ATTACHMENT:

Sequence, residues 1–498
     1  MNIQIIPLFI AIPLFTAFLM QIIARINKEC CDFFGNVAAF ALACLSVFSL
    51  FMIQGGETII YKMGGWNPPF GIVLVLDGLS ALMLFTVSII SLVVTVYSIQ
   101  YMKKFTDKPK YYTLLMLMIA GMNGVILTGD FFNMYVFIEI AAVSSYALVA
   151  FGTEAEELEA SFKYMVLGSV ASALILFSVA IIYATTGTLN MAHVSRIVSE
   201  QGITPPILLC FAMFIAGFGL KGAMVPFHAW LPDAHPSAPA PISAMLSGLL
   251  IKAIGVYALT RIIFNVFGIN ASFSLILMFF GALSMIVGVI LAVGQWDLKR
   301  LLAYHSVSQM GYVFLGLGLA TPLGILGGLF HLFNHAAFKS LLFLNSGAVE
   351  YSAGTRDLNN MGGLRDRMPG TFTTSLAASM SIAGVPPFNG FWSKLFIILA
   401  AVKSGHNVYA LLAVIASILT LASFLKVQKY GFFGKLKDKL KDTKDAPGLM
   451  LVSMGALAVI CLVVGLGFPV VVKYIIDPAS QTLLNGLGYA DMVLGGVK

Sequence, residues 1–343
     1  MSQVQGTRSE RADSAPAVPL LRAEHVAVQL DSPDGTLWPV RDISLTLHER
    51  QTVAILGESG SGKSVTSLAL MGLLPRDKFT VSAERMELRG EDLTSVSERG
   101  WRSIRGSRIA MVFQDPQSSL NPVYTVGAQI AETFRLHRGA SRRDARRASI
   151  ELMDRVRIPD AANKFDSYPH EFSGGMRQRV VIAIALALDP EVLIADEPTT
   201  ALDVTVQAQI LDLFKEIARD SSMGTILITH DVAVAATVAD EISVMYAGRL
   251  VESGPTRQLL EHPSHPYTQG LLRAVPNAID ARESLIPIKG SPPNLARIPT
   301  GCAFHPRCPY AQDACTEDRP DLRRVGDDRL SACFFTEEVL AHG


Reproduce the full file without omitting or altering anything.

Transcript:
Sequence, residues 1–498
     1  MNIQIIPLFI AIPLFTAFLM QIIARINKEC CDFFGNVAAF ALACLSVFSL
    51  FMIQGGETII YKMGGWNPPF GIVLVLDGLS ALMLFTVSII SLVVTVYSIQ
   101  YMKKFTDKPK YYTLLMLMIA GMNGVILTGD FFNMYVFIEI AAVSSYALVA
   151  FGTEAEELEA SFKYMVLGSV ASALILFSVA IIYATTGTLN MAHVSRIVSE
   201  QGITPPILLC FAMFIAGFGL KGAMVPFHAW LPDAHPSAPA PISAMLSGLL
   251  IKAIGVYALT RIIFNVFGIN ASFSLILMFF GALSMIVGVI LAVGQWDLKR
   301  LLAYHSVSQM GYVFLGLGLA TPLGILGGLF HLFNHAAFKS LLFLNSGAVE
   351  YSAGTRDLNN MGGLRDRMPG TFTTSLAASM SIAGVPPFNG FWSKLFIILA
   401  AVKSGHNVYA LLAVIASILT LASFLKVQKY GFFGKLKDKL KDTKDAPGLM
   451  LVSMGALAVI CLVVGLGFPV VVKYIIDPAS QTLLNGLGYA DMVLGGVK

Sequence, residues 1–343
     1  MSQVQGTRSE RADSAPAVPL LRAEHVAVQL DSPDGTLWPV RDISLTLHER
    51  QTVAILGESG SGKSVTSLAL MGLLPRDKFT VSAERMELRG EDLTSVSERG
   101  WRSIRGSRIA MVFQDPQSSL NPVYTVGAQI AETFRLHRGA SRRDARRASI
   151  ELMDRVRIPD AANKFDSYPH EFSGGMRQRV VIAIALALDP EVLIADEPTT
   201  ALDVTVQAQI LDLFKEIARD SSMGTILITH DVAVAATVAD EISVMYAGRL
   251  VESGPTRQLL EHPSHPYTQG LLRAVPNAID ARESLIPIKG SPPNLARIPT
   301  GCAFHPRCPY AQDACTEDRP DLRRVGDDRL SACFFTEEVL AHG